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August 1979

Carbon-Monoxide-Induced Muscle Necrosis

Author Affiliations

Department of Neurology University of Virginia School of Medicine Charlottesville, VA 22908

Arch Neurol. 1979;36(8):523-524. doi:10.1001/archneur.1979.00500440093027

To the Editor.—  I am not aware of any cases reported in the Englishlanguage literature of carbon monoxide (CO) poisoning producing rhabdomyolysis and myoglobinuria without signs of localized pressure necrosis. Many reports of CO poisoning, pressure necrosis, and subsequent myoglobinuria are, in fact, cases of overexposure to natural gas that contains no CO. The following case is of a man with myoglobinuria, but no pressure necrosis.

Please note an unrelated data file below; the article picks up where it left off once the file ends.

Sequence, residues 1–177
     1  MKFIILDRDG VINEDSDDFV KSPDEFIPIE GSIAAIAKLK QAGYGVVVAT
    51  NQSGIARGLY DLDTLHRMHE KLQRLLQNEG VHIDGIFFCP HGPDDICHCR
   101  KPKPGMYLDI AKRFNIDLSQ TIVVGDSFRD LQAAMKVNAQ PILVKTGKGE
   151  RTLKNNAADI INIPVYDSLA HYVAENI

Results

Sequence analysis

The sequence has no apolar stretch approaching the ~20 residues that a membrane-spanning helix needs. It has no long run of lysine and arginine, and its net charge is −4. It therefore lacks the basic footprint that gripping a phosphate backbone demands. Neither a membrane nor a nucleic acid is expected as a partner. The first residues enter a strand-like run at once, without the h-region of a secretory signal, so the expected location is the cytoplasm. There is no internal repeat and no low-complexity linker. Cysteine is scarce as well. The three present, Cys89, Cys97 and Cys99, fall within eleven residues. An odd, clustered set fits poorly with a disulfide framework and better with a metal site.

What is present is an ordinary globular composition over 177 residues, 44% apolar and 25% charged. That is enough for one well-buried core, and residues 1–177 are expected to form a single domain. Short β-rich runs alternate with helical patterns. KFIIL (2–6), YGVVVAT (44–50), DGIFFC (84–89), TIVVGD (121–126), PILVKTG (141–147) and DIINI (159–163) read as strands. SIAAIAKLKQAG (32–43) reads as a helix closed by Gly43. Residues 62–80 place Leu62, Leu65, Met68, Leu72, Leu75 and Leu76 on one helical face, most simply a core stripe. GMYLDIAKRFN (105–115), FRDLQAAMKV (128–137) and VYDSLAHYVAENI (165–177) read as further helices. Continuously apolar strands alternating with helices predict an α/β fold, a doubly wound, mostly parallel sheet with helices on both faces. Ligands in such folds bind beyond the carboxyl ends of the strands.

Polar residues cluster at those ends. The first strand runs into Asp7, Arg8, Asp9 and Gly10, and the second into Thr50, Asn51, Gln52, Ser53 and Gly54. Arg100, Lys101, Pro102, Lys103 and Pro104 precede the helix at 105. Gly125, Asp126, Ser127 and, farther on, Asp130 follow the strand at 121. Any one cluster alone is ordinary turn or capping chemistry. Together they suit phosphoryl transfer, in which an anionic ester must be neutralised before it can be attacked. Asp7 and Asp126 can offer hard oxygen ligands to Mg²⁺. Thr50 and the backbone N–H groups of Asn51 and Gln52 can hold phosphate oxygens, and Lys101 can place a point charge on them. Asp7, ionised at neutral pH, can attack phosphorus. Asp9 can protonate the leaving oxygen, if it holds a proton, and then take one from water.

Report of a Case.—  Gas company officials who investigated the apartment of this patient at the time of the incident found several improperly connected appliances and dirty flues. (Incomplete combustion of natural gas commonly produces CO.) Neighbors, detecting a strong odor of natural gas, called the rescue squad, who found the patient unconscious. He was lying beside a second man who had typical cherry-red viscera at the time of autopsy. Therapy with oxygen was begun during the patient's trip to the hospital, but a